Some players find the Crucible daunting but O'Sullivan is a big-match player and there is no bigger stage than the World Championship.
Marco Fu matched his best ever World Championship run 12 months ago when he reached the semi-finals, losing out 17-15 to eventual winner Selby.
The 39-year-old from Hong Kong would have hoped to have taken that form into this but he failed to get beyond the second round of the opening eight events on the calendar.
However, he finally hit his straps at the UK Championship, reaching the semi-finals, and it proved to be the start of something of a purple patch.
The next event on a stacked schedule was the inaugural Scottish Open in Glasgow, where Fu claimed only the third ranking title of his career as he beat local favourite John Higgins in the final.
He then reached the semi-finals of both the Masters and World Grand Prix, before losing 10-8 to Trump in the final of the Players Championship in Llandudno.
Fu failed to qualify for the event immediately before Sheffield, the China Open, and I feel this could turn out to be something of a silver lining.
Mainly based in the UK, Fu did not have the long return flight to Beijing, a new routine to cope with and the effects of jet lag.
Instead he will arrive at the Crucible rested, fresh and with a large amount of time spent on the practice table.
A fine break builder and astute tactician, Fu is a player who has taken time to show his full potential.
He will be heartened by last year's performance and also his achievements during the current season so it would be no surprise to see him feature at the business end of the tournament.
At 20/1, there are players shorter than him in the the betting in much worse form so he is certainly worth an each-way interest.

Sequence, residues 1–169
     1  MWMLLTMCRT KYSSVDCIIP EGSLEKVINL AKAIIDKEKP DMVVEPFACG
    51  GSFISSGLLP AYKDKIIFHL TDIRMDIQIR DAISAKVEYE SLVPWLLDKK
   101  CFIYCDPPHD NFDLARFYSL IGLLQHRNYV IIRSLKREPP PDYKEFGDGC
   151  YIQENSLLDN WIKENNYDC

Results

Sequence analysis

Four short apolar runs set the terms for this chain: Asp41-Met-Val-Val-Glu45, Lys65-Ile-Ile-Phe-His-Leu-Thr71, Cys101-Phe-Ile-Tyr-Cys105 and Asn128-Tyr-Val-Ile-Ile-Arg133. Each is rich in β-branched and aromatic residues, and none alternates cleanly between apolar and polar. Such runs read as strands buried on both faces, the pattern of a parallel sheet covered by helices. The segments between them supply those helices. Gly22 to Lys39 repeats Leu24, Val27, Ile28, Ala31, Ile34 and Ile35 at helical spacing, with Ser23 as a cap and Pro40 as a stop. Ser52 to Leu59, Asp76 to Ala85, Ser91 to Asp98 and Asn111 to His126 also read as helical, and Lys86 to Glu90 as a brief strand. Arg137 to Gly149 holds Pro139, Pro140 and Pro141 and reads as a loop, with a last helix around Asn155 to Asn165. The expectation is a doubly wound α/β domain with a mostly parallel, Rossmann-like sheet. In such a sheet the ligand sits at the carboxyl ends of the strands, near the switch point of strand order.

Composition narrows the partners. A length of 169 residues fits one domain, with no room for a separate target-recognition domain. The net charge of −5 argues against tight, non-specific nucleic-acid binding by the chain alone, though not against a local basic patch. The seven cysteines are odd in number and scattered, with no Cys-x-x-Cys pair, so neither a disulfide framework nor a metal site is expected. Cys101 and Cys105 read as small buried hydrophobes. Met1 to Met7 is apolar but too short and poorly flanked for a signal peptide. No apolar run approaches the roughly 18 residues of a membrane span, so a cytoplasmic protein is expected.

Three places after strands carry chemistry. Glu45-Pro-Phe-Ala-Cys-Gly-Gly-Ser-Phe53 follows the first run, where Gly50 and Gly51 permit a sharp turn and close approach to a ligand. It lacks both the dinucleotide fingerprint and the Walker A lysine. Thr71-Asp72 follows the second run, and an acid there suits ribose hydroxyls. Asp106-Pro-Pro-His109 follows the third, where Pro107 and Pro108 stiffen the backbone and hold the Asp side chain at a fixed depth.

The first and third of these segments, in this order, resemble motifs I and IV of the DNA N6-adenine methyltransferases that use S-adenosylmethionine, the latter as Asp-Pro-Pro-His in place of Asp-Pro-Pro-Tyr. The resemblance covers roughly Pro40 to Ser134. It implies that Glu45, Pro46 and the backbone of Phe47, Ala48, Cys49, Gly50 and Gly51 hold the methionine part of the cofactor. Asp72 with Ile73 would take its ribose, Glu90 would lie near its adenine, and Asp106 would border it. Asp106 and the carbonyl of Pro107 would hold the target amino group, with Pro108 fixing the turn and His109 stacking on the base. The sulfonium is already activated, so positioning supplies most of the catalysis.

If and when Ali Carter decides to write his autobiography then it will certainly be a captivating read.
Constantly battling against Crohn's disease which requires a special diet, the 37-year-old Essex cueman has also bravely won his battle with cancer - twice.
He is also a qualified pilot ... oh yes - and a very good snooker player!
Carter has twice been a Crucible 'nearly man', having been a losing finalist in 2008 and again in 2012 where O'Sullivan was his nemesis on both occasions.
He arrives in Sheffield having won the World Open this season - his fourth ranking title - as well as reaching the final of the German Masters, semi-final of the Players Championship and last eight of both the Shanghai Masters and China Championship.
Carter has a fine all-round game but for me his biggest strength is his grit and determination.
He goes out if his way to make life as difficult as possible for his opponent and it takes a strong player to stand up to that.
I would be amazed if Carter does not win several more ranking titles and I see no reason why he can't be a world champion at some point.
Odds of 50/1 for a player who has been on the winners' rostrum this season look generous to me and worthy of an each-way interest.
World Championship 2017: Draw & Tournament bracket
Mark Selby (1) v Fergal O'Brien
Ryan Day (16) v Xiao Guodong
Neil Robertson (9) v Noppon Saengkham
Marco Fu (8) v Luca Brecel
Shaun Murphy (5) v Yan Bingtao
Ronnie O'Sullivan (12) v Gary Wilson
Liang Wenbo (13) v Stuart Carrington
Ding Junhui (4) v Zhou Yuelong
Stuart Bingham (3) v Peter Ebdon
Kyren Wilson (14) v David Grace
Mark Allen (11) v Jimmy Robertson
John Higgins (6) v Martin Gould
Barry Hawkins (7) v Tom Ford
Ali Carter (10) v Graeme Dott
Anthony McGill (15) v Stephen Maguire
Judd Trump (2) v Rory McLeod
Posted at 1000 BST on 13/04/17.